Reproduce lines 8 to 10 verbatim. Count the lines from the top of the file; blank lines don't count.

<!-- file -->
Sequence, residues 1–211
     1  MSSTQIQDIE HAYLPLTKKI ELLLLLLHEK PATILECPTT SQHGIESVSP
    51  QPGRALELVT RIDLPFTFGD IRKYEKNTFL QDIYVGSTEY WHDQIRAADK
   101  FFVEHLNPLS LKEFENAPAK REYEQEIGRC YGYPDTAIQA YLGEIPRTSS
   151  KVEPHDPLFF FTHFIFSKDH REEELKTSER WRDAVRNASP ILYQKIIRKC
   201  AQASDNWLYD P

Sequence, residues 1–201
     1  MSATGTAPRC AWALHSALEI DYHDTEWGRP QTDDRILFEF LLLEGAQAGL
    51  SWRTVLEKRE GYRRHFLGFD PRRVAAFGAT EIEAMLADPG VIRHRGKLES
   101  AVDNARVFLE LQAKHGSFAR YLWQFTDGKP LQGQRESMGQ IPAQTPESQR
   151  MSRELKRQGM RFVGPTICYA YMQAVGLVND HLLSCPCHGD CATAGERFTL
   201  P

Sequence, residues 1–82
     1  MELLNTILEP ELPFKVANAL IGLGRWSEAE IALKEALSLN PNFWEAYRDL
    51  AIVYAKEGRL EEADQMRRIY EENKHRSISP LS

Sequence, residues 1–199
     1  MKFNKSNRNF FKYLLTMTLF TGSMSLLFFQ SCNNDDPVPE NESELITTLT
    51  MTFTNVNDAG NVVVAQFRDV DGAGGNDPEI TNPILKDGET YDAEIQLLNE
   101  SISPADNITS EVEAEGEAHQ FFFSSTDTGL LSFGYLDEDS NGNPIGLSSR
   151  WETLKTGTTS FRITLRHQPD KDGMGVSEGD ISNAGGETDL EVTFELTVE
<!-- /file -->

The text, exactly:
     1  MSATGTAPRC AWALHSALEI DYHDTEWGRP QTDDRILFEF LLLEGAQAGL
    51  SWRTVLEKRE GYRRHFLGFD PRRVAAFGAT EIEAMLADPG VIRHRGKLES
   101  AVDNARVFLE LQAKHGSFAR YLWQFTDGKP LQGQRESMGQ IPAQTPESQR